Explaining the Cause of Asthma

Asthma is a disease that affects the airways in your lungs.  If you have asthma, the lining in your airways are swollen and inflamed all the time. This makes your airways more likely to be bothered by allergens or other things such as smoke, stress, exercise or cold air. These triggers don’t bother most people, but they can cause symptoms if you have asthma.

Some common asthma symptoms are:

  • Coughing, especially at night, with exercise or when laughing
  • Trouble breathing
  • Tight feeling in the chest
  • Wheezing – a squeaky or whistling sound

Many people who have asthma also have allergies. In most cases, allergies trigger asthma symptoms or an asthma attack.  This “allergic asthma” is the most common form of asthma. For this reason, allergy skin testing is also performed to help determine allergy triggers.

When you have asthma, airway inflammation and swelling cause the airways to be overly sensitive or “twitchy.” This twitchiness causes the narrowing and blockage of the airways. As the inflammation increases, the airways become more sensitive and overactive.

During an asthma episode, the mucus-producing cells within the airway increase their output and mucus plugs the airway. The combination of airway narrowing, mucus plugging, and airway inflammation can block portions of the airway entirely. Air becomes trapped in the alveoli (air sacs at the end of the bronchioles). This trapped air cannot provide for the proper exchange of oxygen and carbon dioxide. Trapped air leads to hypoxia (low oxygen content) in the body.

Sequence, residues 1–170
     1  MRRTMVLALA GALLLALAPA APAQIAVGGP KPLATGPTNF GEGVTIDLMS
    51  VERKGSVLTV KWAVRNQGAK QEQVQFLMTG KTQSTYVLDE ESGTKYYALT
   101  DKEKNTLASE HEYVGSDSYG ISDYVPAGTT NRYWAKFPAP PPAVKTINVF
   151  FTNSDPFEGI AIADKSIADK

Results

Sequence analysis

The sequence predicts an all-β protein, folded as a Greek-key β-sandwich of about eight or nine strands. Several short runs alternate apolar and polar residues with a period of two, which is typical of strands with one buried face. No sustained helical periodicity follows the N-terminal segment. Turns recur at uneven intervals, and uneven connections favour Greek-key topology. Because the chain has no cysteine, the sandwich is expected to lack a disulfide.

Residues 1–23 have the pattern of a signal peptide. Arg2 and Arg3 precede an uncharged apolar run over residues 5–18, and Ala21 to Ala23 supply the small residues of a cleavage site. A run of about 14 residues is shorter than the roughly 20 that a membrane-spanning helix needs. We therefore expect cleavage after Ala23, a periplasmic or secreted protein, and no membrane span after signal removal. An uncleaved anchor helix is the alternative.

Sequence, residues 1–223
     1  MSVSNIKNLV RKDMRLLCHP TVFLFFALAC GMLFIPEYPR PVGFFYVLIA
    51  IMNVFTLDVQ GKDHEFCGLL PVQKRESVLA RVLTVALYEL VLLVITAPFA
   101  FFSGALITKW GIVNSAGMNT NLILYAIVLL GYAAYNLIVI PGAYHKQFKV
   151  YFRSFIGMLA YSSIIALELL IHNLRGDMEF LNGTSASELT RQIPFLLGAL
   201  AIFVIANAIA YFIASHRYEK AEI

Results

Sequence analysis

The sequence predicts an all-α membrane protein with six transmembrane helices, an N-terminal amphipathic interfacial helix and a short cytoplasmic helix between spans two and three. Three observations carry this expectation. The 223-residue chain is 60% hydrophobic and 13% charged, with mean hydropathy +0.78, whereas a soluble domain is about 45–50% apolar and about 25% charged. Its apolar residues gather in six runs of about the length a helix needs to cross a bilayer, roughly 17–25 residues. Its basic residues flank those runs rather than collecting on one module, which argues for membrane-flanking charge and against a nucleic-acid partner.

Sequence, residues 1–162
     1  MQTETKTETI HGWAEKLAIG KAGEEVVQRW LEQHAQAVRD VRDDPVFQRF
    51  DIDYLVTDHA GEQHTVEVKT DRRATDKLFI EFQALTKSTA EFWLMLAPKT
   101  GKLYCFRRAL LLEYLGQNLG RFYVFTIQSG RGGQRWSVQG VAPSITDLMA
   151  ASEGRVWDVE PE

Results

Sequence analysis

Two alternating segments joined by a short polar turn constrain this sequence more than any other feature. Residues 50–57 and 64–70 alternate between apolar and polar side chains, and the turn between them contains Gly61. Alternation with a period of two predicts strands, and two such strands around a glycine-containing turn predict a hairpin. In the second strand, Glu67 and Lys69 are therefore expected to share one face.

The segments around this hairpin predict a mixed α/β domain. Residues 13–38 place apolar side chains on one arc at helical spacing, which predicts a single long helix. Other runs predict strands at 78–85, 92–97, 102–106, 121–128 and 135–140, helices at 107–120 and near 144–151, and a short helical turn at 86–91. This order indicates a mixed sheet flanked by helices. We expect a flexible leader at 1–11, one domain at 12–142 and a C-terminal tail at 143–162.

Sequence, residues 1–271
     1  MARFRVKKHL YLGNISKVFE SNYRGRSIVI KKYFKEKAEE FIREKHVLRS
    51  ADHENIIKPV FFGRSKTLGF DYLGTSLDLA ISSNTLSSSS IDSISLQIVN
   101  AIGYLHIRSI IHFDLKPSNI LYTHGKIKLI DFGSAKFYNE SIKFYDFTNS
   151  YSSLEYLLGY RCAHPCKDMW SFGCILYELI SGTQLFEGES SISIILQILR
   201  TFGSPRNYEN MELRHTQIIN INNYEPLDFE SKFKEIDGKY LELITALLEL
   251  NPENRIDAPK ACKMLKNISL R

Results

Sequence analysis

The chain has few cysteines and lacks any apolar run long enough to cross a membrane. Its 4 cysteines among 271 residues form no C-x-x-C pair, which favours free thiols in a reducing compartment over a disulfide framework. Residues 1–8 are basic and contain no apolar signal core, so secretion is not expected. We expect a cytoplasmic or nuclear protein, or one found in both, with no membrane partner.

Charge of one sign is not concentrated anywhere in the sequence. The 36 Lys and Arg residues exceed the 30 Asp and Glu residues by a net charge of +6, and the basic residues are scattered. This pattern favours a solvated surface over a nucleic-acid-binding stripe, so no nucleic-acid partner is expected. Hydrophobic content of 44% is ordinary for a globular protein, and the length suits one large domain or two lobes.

Air trying to pass through the narrowed tubes filled with mucus may produce wheezing. Wheezing is a high-pitched whistling sound, often associated with asthma. Other symptoms of asthma include a persistent cough, chest tightness, shortness of breath, or decreased endurance. Coughing is usually the most common and may be the only symptom.

Severe effects of asthma may include loss of elasticity of the lungs due to air trapping and low oxygen; this is called “airway remodeling”. This could potentially inhibit growth and development in children due to long-term trapped air and low oxygen content in the body. Asthma has also been known to cause fatigue and irritability in people of all ages.

If you think you have asthma, you need to be evaluated by a board-certified allergist. Family Allergy & Asthma offers a variety of treatment options for asthmatic patients.

Learn More About Asthma

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